With so many health and safety limitations on production these days, a lot of the onus to bring a project to life falls on the post-production staff. Making something out of almost nothing is not an easy task, but we need to find a creative way to do so if we want to be working these days. With this in mind, we have outlined 8 tips to help you keep the lights on and your output at top notch.
1. You still need high quality equipment, so you have two options if your team doesn’t already own a workstation at home: One, find a post house that takes the COVID situation seriously and allows your team to come in to a safe, distanced space (ahem…we have that covered at 16:9 Post); Two, rent high-quality, customized workstations (we have that covered too).
2. Map out team communication protocols with regular team calls/video conferences and set up communication platforms for group collaboration and tracking progress. DM us if you want some suggestions that could work for your team/project structure.
3. Be clear about deliverables timelines and stay communicative to problem-solve or adjust expectations if you see that pandemic/work-at-home interruptions are causing delays. It is a good idea to build a little more wiggle room than usual into your timelines/budget, so you can be an understanding human during this difficult time instead of a demanding, out-of-touch boss-person.
4. When you need shot footage, broaden your production crew network and look to locals for shooting and producing on location. If you are a control-freak, as most of us are, you can always hire a PA to carry around an iPad during crucial scenes/interviews so you can Facetime eaves drop and give your two cents.
5. A skeleton crew reduces risk of spreading COVID, so go in lean and mean. That will free up the budget for more fancy trickery or a longer time in post…or to pay your field team an extra bump for putting themselves out there for you.
6. Don’t be afraid to place your on-screen talent in COVID-world scenarios if you can creatively make it work in your project. Place them 6 feet apart and cheat camera angles. Elbow bump instead of shake hands. Address the elephant in the room. The entire world is going through this – your content will be relatable. And, if it is distributed while we are still living in a pandemic reality, you won’t make a good portion of your audience cringe when people talk so closely you can imagine the droplets landing all over the other person’s face.
7. Look to alternative means to tell your story. Animation, vintage stock footage, Claymation, visual effects, Zoom call recordings, etc. can not only further your story, but help you stand out from the rest of what is out there.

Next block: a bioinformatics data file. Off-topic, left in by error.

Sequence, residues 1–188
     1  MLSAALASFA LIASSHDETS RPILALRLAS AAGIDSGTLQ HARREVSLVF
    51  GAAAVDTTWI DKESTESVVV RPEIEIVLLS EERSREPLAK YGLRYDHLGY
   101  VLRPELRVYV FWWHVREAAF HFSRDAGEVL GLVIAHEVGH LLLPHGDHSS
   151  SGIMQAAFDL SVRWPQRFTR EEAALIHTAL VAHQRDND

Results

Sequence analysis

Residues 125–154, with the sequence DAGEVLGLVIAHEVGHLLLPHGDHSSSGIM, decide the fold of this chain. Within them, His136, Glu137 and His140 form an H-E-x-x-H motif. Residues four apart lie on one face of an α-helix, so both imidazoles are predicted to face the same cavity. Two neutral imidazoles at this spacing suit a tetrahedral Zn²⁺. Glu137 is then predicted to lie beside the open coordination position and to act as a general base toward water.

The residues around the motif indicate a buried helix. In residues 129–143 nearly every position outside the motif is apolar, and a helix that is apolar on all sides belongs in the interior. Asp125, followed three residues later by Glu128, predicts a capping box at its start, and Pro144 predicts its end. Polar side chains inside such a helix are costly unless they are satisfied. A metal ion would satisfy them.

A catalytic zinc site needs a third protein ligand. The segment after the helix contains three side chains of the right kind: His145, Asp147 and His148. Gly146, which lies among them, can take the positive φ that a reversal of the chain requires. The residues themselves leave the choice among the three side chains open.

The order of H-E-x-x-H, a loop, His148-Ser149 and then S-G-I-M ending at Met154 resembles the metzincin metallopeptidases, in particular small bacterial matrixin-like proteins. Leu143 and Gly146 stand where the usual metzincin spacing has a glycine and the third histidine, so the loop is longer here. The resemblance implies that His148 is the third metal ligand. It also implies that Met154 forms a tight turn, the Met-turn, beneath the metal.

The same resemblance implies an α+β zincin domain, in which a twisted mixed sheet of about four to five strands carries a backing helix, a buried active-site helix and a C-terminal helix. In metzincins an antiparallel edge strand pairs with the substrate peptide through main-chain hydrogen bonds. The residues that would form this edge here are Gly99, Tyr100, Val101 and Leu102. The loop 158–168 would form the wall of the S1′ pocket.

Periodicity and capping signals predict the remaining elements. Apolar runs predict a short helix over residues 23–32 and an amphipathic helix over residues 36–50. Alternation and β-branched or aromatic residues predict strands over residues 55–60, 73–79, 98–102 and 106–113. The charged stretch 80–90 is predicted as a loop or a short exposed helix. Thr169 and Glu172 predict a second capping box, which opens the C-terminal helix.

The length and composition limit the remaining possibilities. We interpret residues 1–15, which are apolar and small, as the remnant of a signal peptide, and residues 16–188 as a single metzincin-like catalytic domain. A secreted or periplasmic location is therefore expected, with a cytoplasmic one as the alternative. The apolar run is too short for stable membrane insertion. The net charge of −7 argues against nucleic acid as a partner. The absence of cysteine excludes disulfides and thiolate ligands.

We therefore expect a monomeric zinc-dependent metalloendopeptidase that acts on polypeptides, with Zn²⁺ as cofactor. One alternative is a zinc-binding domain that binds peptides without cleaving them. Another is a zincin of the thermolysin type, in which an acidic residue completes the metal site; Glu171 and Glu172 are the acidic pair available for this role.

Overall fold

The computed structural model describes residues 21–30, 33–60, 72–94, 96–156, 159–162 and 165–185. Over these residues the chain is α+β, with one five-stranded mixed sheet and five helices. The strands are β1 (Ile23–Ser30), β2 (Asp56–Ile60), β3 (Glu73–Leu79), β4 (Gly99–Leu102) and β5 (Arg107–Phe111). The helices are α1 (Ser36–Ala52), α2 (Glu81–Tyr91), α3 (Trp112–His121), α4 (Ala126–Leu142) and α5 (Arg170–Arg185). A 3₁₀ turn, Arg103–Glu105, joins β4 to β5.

8. When you don’t have a paying project, build your own arsenal by creating marketing spots to promote your own business and show off your capabilities and by doing R&D and learning new skills to broaden those capabilities.
Popular posts from this blog
GETTING AN INDEPENDENT FILM PROJECT OFF THE GROUND Interview with Ben Wagner, Post-Supervisor by day & Director/Producer by all-the-time-he-can-find By: Jessie Pickworth So, Ben…tell us a bit about the origin story of your most recent passion project. The name of the project is SURVEILLANCE: CASTELEVARA . Many years back, my writing partner, Matt, and I wrote an action spy thriller set in a fictitious city-state on the verge of a coup. I'd been trying to get it off the ground as a feature project and I kept hitting this wall when I would present the project to actors where they didn't fully understand the visual style of what we were trying to do; how we intended to depict the gamesmanship of the rival surveillance teams by playing with the visuals from a subjective point of view. I couldn't communicate it very cleanly in a verbal pitch or a look book, so I realized the way to get over that hurdle would be to shoot a teaser showcasing what the visual style would be.
Post-Production Tips: 2Editors X 6Qs By Jessie Pickworth We asked the same 6 questions to 2 editors that frequent the 16:9 Post bays…here’s who they are: Sergio Villa Years editing: 22 Genres: Documentary film , scripted/doc/reality television, commercials Current Project: The Florida Man Murders (Oxygen Network) Recent Projects: Backyard Envy, Rhythm + Flow Hoa Mai Years editing: 10 Genres: Documentary film Current Project: Untitled Bryan Fogel Project Recent Projects: Seduced, Inside the NXIVM Cult, Shut Up and Dribble, The Defiant Ones, Sonic Highways Here’s what they had to say: What is your editing software of choice? Sergio: Avid Media Composer is my go-to software...been using it for so long I feel like Han Solo flying the Millennium Falcon on it. I like Premiere as well, but sometimes I feel like I'm piloting the Flying Winnebago from Spaceballs when working on that platform. Hoa: Avid. For no other reason than that's what the projects offered to me have b
OPENING DOORS: MARKETING YOURSELF AS AN EDITOR By: Roberto Cardenas You can’t always rely on previous employers to land a new gig. To help you get yourself in front of a new audience (and make a good impression when you get there), we have put together an easily digestible list of tips: Do some market research…and keep doing it regularly. · Check out what your competition, mentors and idols have been up to. The skills they are demonstrating in their recent projects can tell you where you may need to shift focus. The companies they are working for may help you build your hit list for the next job. Their presence online may give you some ideas for how to market yourself and home in on your own value proposition. · Bookmark industry news sources. Anything that will help you build your craft through education and build your network through knowledge of key players. Then, put a tickler in your calendar to read them at least once a week. If there’s an email subscription,